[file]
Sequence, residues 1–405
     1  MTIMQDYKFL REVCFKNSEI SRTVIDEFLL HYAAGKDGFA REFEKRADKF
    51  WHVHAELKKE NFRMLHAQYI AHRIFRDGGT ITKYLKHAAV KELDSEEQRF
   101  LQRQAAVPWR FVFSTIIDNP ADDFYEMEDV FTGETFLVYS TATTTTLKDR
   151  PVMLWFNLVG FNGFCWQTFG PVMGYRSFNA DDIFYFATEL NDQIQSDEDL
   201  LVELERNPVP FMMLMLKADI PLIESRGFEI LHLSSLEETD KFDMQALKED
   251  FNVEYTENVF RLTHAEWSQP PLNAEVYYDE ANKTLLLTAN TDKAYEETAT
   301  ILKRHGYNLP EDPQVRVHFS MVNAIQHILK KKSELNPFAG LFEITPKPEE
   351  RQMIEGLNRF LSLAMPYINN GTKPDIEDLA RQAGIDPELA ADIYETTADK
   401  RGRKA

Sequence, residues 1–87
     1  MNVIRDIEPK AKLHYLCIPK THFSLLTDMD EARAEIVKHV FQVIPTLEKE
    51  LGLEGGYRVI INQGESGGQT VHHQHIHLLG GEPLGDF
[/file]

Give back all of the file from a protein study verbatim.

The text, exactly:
Sequence, residues 1–405
     1  MTIMQDYKFL REVCFKNSEI SRTVIDEFLL HYAAGKDGFA REFEKRADKF
    51  WHVHAELKKE NFRMLHAQYI AHRIFRDGGT ITKYLKHAAV KELDSEEQRF
   101  LQRQAAVPWR FVFSTIIDNP ADDFYEMEDV FTGETFLVYS TATTTTLKDR
   151  PVMLWFNLVG FNGFCWQTFG PVMGYRSFNA DDIFYFATEL NDQIQSDEDL
   201  LVELERNPVP FMMLMLKADI PLIESRGFEI LHLSSLEETD KFDMQALKED
   251  FNVEYTENVF RLTHAEWSQP PLNAEVYYDE ANKTLLLTAN TDKAYEETAT
   301  ILKRHGYNLP EDPQVRVHFS MVNAIQHILK KKSELNPFAG LFEITPKPEE
   351  RQMIEGLNRF LSLAMPYINN GTKPDIEDLA RQAGIDPELA ADIYETTADK
   401  RGRKA

Sequence, residues 1–87
     1  MNVIRDIEPK AKLHYLCIPK THFSLLTDMD EARAEIVKHV FQVIPTLEKE
    51  LGLEGGYRVI INQGESGGQT VHHQHIHLLG GEPLGDF